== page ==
Oil Futures Mixed as More Rate Hikes Offset Strong Economy

Brian L Milne
By  Brian L. Milne , DTN Refined Fuels Editor

CRANBURY, N.J. (DTN) -- Oil futures nearest delivery on the New York Mercantile Exchange and Brent crude on the Intercontinental Exchange settled Thursday's session mixed, as blowout gains in private payrolls in the United States and a sizzling U.S. service sector are seen prodding the Federal Reserve to maintain a tightening monetary policy stance.

Private payroll growth of 497,000 in June reported Thursday morning by ADP Research was more than double expectations for 235,000 new jobs, with the leisure and hospitality sector, up 232,000, underpinning the job gains. Ongoing growth in education and health services, up 74,000, also aligns with the post-pandemic recovery. Yet job growth expanded to construction, up 97,000, and trade, transportation and utilities, up 90,000, suggesting a broader recovery across the economy.

Job growth by small companies with less than 50 employees, up 299,000, slightly outpaced new jobs in midsized companies, 50 to 499 employees, up 283,000 jobs in June. Large companies laid off 8,000.

Those gains followed a 496,000 decline in job openings in ending May to 9.8 million, according to the Department of Labor Statistics Job Openings and Labor Turnover Summary, down more than expected. The JOLTs report showed little change in discharges and quits from the end of April to the end of May.

Friday morning, the Department of Labor will release its nonfarm payroll report for June that is expected to show 213,000 jobs were created, down from 339,000 jobs in May. Those expectations were made ahead of the ADP payroll report, portending a possible upside surprise.

Ongoing strength in the U.S. labor market aligns with a robust service sector in June, with the Institute of Supply Management's U.S. service index surging 3.6% to 53.9%, well above market expectations for a 50.8% reading. The service sector has now expanded for six consecutive months despite pressure from inflation and higher interest rates.

"There has been an uptick in the rate of growth for the services sector. This is due mostly to the increase in business activity, new orders and employment," said Anthony Nieves, CPSM, C.P.M., A.P.P., CFPM, Chair of the Institute for Supply Management Services Business Survey Committee. "The majority of respondents indicate that business conditions remain stable; however, they are cautious relative to inflation and the future economic outlook."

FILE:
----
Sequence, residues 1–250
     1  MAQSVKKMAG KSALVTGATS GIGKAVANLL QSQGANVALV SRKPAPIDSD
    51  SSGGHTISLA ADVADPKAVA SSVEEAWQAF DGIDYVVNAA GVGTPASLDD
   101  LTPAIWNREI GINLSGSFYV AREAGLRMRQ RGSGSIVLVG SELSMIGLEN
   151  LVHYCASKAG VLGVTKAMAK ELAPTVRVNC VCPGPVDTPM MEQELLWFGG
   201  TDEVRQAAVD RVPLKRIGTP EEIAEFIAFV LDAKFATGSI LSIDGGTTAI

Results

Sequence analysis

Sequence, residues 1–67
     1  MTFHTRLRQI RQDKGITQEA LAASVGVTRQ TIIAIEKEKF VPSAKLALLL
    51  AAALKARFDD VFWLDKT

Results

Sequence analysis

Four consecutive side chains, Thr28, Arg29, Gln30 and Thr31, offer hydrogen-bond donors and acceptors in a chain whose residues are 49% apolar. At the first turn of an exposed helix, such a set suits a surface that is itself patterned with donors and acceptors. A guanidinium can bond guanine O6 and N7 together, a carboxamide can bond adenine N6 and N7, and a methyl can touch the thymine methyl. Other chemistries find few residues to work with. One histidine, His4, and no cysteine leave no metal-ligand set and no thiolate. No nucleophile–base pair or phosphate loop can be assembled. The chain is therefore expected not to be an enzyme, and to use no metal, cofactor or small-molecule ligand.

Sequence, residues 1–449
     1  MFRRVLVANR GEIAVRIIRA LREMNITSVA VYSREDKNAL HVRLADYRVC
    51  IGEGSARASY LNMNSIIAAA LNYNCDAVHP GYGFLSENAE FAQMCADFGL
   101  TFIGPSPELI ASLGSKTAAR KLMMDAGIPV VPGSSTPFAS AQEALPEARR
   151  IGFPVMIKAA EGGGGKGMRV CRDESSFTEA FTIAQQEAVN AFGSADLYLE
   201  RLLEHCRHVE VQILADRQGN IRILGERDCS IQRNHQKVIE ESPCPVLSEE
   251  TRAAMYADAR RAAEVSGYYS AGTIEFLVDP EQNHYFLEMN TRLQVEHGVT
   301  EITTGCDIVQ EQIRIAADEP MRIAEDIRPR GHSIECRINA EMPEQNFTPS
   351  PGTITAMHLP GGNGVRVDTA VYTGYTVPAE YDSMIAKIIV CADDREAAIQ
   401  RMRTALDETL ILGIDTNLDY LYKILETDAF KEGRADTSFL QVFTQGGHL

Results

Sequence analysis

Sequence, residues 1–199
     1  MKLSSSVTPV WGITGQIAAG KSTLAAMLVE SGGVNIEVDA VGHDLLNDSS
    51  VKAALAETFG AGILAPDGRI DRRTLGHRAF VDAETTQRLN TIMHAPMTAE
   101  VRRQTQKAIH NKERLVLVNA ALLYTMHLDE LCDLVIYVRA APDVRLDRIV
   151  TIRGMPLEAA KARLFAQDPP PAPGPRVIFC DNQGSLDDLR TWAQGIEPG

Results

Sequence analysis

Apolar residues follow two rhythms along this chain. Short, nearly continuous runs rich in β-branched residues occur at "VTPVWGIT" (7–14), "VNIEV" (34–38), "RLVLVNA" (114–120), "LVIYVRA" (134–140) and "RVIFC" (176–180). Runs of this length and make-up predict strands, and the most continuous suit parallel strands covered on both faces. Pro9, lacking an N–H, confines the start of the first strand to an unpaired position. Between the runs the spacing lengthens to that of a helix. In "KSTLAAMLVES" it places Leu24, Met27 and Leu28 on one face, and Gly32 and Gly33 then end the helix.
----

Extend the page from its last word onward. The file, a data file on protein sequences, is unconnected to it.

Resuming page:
The stronger-than-expected reading for the service sector lifted estimates for economic growth, with the Federal Reserve Bank of Atlanta's GDPNow forecasting model showing a U.S. second quarter gross domestic product seasonally adjusted growth rate of 2.1%, up from 1.9% on Monday (7/3), and above the first quarter's better-than-anticipated 2% growth rate.

"After recent releases from the US Census Bureau and the Institute for Supply Management, the nowcast of second-quarter real gross private domestic investment growth increased from 8.8 percent to 9.6 percent," said the Fed bank.

The bullish data and expectations for continued action by the central bank to counter inflation spurred a stronger U.S. dollar index in intraday trade, trading at a 103.275 three-week high before reversing lower in afternoon trade to settle at 102.867.

An overwhelming majority, 92.4%, expect the Federal Open Market Committee to lift the federal funds rate 25 basis points to a 5.25% by 5.5% target range when they meet July 26, according to the CME Group's FedWatch Tool. In looking to their late September meeting, the FedWatch Tool offers a 27.7% probability of another 25-point hike in the overnight borrowing rate for banks, which increases to 38.8% for their Nov. 1 meeting. A small percentage, 7.9%, see the key rate 75 points higher than now at 6% on Nov. 1.

Today's strong economic data was joined by bullish statistics for the final week of June from the Energy Information Administration, with EIA reporting total U.S. demand for oil products spiking 929,000 bpd or 4.6% to a 21.235 million bpd better-than six-month high.

Domestic gasoline demand surged 293,000 bpd to 9.599 million bpd for the week-ended June 30, the highest weekly consumption rate since October 2021, while the fifth greatest weekly demand rate since the end of pandemic lockdowns. Demand for distillate fuel during the week-ended June 30 also recovered, climbing 497,000 bpd from a 2023 low to 3.811 million bpd.

Total crude oil and petroleum products inventory was drawn down for a third consecutive week to 1.261 billion bbl, EIA data shows, with stocks 21.5 million bbl or 1.7% below the five-year average.

NYMEX August West Texas Intermediate futures settled flat, up $0.01 at $71.80 bbl, and ICE September Brent crude eased $0.13 to $76.52 bbl. NYMEX August RBOB futures rallied off a $2.4638 gallon intraday low to settle up $0.0255 at $2.5438 gallon. NYMEX August ULSD futures fell $0.0139 to $2.4794 gallon.

Brian L. Milne can be reached at brian.milne@dtn.com

Brian Milne